When the news began to break that a Malaysian flight has crashed, with hundreds on board, many of us had the same reaction “not another one”. A flight from Amsterdam to Kuala Lumpur had crashed in Ukraine. Happening only months after MH370 had vanished en route from Kuala Lumpur to Beijing. The political situation across Europe began to escalate quickly, with accusations relating to what caused the crash.
The names and faces of those killed began to appear on television screens across the world. What many of us in the North East of England quickly came to realise was it had taken two of our own!
The rivalry between Sunderland AFC and Newcastle United FC is legendary. Two cities within a short distance mean the supporters of both clubs meet every day as work colleagues, classmates and family! In some ways, this should make it a friendly rivalry. However, the pride and passion of people from the North East mean the rivalry is fierce. It sometimes manifests in actions that are wrong and violent. The banter between the supporters harsh, sometimes relentless. The thought of the smugness of opposition supporters after your team has suffered a bad result is often worse than the result itself.
“The lads” is a North East phrase used to describe friends, colleagues, your team’s players – it is often a term of affection. This last fortnight, it has meant John Alder and Liam Sweeney. Travelling together, on their way to see Newcastle’s pre-season tour in New Zealand. They were on flight MH17. Newcastle supporters began laying tributes to Liam Sweeney and John Alder at St James Park. Supporters of other clubs did the same. In amongst the sea of black and white, were flashes of red, blue and the red and white stripes of Sunderland.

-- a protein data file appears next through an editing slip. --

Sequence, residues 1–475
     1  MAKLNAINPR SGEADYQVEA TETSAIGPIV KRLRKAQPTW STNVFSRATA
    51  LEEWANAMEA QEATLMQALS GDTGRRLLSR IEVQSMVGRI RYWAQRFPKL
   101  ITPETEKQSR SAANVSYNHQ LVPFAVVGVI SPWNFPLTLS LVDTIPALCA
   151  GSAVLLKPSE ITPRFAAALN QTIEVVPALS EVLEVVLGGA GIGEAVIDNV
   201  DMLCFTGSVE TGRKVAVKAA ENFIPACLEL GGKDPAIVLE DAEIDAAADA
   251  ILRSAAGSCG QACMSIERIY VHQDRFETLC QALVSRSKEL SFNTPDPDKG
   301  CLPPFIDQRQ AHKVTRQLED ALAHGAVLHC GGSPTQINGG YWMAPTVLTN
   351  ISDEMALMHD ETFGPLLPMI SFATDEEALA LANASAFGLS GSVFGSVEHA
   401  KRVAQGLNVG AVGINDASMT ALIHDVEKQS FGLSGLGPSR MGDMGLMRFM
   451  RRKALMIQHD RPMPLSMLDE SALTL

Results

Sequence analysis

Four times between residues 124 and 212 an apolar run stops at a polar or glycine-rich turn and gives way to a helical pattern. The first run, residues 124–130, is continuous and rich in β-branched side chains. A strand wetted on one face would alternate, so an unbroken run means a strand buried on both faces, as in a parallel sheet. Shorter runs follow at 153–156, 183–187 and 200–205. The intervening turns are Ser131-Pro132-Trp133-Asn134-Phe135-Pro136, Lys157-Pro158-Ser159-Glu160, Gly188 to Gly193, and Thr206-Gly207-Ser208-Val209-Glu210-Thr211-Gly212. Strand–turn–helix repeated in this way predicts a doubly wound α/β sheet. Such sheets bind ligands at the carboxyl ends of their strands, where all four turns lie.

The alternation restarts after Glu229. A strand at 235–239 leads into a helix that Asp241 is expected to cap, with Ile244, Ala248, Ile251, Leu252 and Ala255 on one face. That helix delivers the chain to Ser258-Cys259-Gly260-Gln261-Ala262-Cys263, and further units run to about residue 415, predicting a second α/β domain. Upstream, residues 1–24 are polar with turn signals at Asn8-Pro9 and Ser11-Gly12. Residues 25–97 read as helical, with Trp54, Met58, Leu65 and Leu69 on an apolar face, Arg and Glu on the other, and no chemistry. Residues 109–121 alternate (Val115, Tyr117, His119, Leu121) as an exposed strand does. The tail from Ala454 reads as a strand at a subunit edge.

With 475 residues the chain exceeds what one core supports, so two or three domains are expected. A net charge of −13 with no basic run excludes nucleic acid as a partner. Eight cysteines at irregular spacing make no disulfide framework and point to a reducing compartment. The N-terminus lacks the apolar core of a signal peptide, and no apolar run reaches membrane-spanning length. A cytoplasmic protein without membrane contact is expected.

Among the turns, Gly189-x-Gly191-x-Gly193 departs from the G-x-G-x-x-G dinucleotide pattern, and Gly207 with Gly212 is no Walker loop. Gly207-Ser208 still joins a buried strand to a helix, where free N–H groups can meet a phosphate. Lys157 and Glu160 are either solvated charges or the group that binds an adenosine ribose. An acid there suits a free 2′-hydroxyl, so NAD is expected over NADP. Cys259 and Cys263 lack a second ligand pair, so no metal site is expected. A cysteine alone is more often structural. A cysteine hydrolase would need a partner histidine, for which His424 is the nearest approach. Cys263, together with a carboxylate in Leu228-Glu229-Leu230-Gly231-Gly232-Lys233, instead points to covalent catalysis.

The story of the lads travelling across the world to see their team, only to be killed in horrific circumstances like these struck a chord with many Sunderland supporters. Sunderland supporter Gary Ferguson posted a message on a Sunderland supporters message board “Ready to go”, asking if fellow Sunderland supporters would be interested in donating a small amount of no more than £5 each, for a floral tribute, several supportive messages were left and a donation page was setup. The original target was £100. Several hundred pounds were raised later that night and the next morning. A number of messages were left on twitter. Others donated and posted on social media. Thousands were raised in a matter of hours, mainly from Sunderland supporters. Other campaigns were setup by Newcastle supporters to raise funds for floral tributes and other activities. Newcastle supporters logged on to the Sunderland message board to say thank you. Rivalry as usual had been suspended. As one Sunderland supporter so aptly put it “we’ve lost two of our own!”
Thousands of football supporters, predominantly Sunderland supporters, but supporters from far and wide, including Shakhtar Donetsk supporters from Ukraine.
7 days after the donation page was setup, 3,013 people have donated a fantastic £32,115. £200 was spent on the floral tribute. The remaining money will be split equally between the Sir Bobby Robson Foundation and Marie Curie Hospice in Newcastle. Liam Sweeney’s mam suffers from cancer.
This week has shown that the North East is more like a family than we sometimes realise ourselves. We argue, we disagree and we do that on an epic scale. We also come together in times of need, hardship and grief – we do that on an epic scale too.
Sincere condolences to the family and friends of John Alder and Liam Sweeney.
You can donate at the following link: